Following the sinking of the Titanic the White Star Line's offices on Cockspur Street became a centre of attention in London for people seeking news of the disasters. One of the most iconic photographs taken in the aftermath of the disaster shows a young newsboy with a bundle of newspapers and a Evening News poster announcing 'Titanic Disaster Great Loss of Life'. The photograph shows a small crowd standing on the pavement outside Oceanic House with bemused onlookers and 15 year-old newsboy Ned Parfett who died aged 22 in the First World War.

Oceanic House was built between 1903 and 1906 to a design by Henry Tanner Junior. The building uses a steel-frame construction clad in Portland stone. It extends over three storeys main storeys, and originally three attic storeys. The building stands on Cockspur Street on the west side of Trafalgar Square, and forms part of an imposing block that also houses the Canadian High Commission (built between 1926 and 1928).

The western Cockspur Street facade (facing Pall Mall East) is five bays wide and is dominated by an impressive neo-classical portico with four columns with Ionic capitals. The columns support an entablature, with the name Oceanic House marked out in gold lettering, beneath a balustrade. Above, the attic floors of the building have arched windows, with a large arched window spanning the three central bays, which is set back from the outer bays. Above are three circular windows surmounted by another balustrade. The building's southern elevation along Cockspur Street is three bays wide and features simpler architectural detailing.

For Coronation Day in 1911 (of King George V and Queen Mary) the City of London spent £100,000 on decorations to mark the occasion. Oceanic House was one such building decorated on "its three sides...outlined at night by no fewer than 45,000 electric lights. A huge star, 50ft in diameter containing 2,000 lamps will surmount the scheme, which will further include a 50ft model on the new liner Olympic, also lighted with electricity". The Daily Telegraph and Courier in London described Oceanic House as probably "the most ornately decorated building along the whole line of the Royal route".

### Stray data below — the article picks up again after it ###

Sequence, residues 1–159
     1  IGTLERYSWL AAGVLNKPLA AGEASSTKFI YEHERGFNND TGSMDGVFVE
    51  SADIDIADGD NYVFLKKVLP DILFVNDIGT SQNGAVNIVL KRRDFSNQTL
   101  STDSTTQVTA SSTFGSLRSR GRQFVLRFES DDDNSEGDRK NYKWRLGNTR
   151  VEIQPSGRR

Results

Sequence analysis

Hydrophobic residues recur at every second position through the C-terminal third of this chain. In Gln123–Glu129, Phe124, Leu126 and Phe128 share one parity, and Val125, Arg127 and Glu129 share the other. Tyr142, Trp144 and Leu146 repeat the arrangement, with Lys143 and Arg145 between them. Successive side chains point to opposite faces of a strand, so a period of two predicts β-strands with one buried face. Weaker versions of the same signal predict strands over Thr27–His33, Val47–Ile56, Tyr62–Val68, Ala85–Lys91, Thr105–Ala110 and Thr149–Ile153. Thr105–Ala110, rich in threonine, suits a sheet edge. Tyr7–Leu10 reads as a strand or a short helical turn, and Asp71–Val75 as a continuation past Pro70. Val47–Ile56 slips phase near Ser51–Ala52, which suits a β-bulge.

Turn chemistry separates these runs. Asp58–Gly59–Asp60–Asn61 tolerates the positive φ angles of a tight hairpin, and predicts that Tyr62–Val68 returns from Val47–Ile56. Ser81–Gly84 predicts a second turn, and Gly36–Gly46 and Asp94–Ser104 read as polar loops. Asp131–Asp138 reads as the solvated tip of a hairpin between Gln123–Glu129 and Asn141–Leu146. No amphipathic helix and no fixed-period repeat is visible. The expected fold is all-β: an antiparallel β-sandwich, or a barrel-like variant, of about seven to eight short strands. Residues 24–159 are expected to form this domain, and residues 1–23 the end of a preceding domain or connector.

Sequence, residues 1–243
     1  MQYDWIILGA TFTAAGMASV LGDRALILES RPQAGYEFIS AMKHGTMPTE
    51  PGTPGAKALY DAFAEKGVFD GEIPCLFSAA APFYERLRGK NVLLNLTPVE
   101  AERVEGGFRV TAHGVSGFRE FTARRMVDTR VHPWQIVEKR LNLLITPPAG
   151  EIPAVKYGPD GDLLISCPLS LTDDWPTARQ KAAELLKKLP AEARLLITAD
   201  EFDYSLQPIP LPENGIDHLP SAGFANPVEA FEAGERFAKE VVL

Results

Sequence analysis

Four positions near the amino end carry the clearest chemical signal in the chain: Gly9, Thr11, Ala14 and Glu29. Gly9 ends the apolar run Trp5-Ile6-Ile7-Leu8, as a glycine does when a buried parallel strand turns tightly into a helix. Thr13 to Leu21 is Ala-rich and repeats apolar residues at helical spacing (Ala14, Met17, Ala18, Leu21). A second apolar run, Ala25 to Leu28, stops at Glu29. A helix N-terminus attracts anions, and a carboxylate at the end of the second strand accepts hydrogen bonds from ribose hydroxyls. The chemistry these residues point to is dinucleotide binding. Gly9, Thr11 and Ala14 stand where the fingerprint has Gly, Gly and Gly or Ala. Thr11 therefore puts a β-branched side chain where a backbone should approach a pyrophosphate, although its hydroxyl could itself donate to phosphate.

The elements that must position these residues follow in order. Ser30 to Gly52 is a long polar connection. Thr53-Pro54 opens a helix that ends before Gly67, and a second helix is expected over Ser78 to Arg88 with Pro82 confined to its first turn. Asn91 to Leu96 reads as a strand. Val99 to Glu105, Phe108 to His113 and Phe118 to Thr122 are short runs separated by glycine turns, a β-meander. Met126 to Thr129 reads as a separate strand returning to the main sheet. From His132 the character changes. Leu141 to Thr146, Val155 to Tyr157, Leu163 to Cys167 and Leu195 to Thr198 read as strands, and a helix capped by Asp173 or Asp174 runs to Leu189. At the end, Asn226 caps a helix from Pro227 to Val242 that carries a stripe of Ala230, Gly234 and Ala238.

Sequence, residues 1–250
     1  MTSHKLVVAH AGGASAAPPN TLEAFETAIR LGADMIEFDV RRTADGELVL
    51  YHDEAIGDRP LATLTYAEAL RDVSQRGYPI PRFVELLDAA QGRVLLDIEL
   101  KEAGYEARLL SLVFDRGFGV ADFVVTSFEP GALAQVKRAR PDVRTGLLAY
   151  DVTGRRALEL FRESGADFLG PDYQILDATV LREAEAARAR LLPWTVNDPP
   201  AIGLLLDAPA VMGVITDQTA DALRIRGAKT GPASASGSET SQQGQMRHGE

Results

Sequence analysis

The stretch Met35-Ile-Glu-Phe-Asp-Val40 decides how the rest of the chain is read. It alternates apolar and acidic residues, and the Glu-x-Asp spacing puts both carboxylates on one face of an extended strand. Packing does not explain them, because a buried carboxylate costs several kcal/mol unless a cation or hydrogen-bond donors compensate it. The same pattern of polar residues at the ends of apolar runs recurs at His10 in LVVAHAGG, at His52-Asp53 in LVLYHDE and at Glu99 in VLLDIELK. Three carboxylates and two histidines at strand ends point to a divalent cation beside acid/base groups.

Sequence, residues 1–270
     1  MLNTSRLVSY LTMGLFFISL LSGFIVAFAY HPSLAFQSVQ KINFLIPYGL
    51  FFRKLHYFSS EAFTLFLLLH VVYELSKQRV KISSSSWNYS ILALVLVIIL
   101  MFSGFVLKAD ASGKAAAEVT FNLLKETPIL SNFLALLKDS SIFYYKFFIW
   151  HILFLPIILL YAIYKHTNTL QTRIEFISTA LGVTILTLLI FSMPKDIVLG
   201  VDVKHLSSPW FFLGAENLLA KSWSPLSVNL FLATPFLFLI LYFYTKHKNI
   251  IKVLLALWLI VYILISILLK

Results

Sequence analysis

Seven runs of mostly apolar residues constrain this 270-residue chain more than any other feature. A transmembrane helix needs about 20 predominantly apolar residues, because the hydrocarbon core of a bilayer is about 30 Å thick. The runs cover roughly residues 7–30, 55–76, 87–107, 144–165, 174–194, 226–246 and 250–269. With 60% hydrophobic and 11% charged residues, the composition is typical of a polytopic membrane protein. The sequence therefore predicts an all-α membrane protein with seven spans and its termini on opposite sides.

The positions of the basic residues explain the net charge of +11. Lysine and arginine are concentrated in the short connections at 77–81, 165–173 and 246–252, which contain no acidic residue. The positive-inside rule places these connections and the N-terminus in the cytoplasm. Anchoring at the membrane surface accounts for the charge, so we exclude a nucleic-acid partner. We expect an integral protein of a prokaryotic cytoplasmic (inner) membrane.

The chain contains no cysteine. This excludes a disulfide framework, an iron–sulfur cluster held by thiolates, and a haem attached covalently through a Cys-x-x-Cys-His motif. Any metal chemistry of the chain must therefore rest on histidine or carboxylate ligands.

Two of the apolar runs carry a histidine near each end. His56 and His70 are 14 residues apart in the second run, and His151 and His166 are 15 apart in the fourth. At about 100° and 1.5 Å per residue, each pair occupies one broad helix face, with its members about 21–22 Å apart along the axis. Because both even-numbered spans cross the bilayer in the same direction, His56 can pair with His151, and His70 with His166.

Following the merger of the Cunard Line and the White Star Line in 1934 the newly-formed company consolidated its office space in London and disposed of Oceanic House. Subsequently, the building went through a number if different uses. In April 1936 Oceanic House became home to a Barclays Bank (Dominion, Colonial and Overseas) branch, through the Second World War and beyond the 1960s. In the 1970s the upper storeys were home to the South African Embassy and later an American diner, the Texas Embassy. Oceanic House was awarded Grade-II listed status on 1 December 1987. Unfortunately, during the conversion the original fittings and architectural features of the ground floor were destroyed. The restaurant closed in 2012.

In 2015 work began to convert the upper floors into six luxury apartments and a duplex penthouse. A new mansard roof extension, forming the upper storey of the penthouse, replaced an earlier additional attic storey. The fitting out of the apartments was designed to recall "the spirit of abundant luxury which was synonymous with transatlantic ocean liners". The refurbishment was completed in 2017; the smallest apartment was placed on the market at £4.35 million and the penthouse for £19.5 million.

The marketing of apartments in Oceanic House made use of the building's historic connections to the White Star Line, and publicity material shows a cased model of the Titanic in the restored ground floor foyer.

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